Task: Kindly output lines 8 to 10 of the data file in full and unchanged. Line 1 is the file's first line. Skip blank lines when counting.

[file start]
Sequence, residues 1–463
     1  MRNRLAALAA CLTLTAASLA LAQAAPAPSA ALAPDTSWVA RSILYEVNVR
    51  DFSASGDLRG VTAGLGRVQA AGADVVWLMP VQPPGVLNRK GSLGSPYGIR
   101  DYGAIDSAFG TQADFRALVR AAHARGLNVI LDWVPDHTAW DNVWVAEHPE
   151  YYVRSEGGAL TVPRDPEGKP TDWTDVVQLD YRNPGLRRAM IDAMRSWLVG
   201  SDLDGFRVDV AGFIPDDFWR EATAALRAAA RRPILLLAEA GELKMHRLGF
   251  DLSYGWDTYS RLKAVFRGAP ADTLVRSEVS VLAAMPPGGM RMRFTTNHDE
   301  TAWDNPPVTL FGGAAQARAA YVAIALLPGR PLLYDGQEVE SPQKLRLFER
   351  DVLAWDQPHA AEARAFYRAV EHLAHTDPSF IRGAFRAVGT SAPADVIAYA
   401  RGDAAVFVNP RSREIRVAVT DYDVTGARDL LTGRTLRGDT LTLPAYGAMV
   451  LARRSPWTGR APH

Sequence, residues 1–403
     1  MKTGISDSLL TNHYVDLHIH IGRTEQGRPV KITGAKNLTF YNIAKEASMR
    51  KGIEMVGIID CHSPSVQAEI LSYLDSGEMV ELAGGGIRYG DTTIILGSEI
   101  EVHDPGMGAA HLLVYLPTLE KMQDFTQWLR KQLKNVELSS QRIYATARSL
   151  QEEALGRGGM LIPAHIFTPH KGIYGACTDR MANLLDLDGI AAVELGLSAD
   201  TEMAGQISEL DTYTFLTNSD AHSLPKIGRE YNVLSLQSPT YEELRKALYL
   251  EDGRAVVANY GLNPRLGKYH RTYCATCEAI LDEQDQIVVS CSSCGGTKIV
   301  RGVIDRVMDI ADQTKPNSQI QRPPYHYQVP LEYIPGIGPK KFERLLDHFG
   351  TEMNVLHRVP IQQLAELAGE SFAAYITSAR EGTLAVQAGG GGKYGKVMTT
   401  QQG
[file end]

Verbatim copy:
   301  TAWDNPPVTL FGGAAQARAA YVAIALLPGR PLLYDGQEVE SPQKLRLFER
   351  DVLAWDQPHA AEARAFYRAV EHLAHTDPSF IRGAFRAVGT SAPADVIAYA
   401  RGDAAVFVNP RSREIRVAVT DYDVTGARDL LTGRTLRGDT LTLPAYGAMV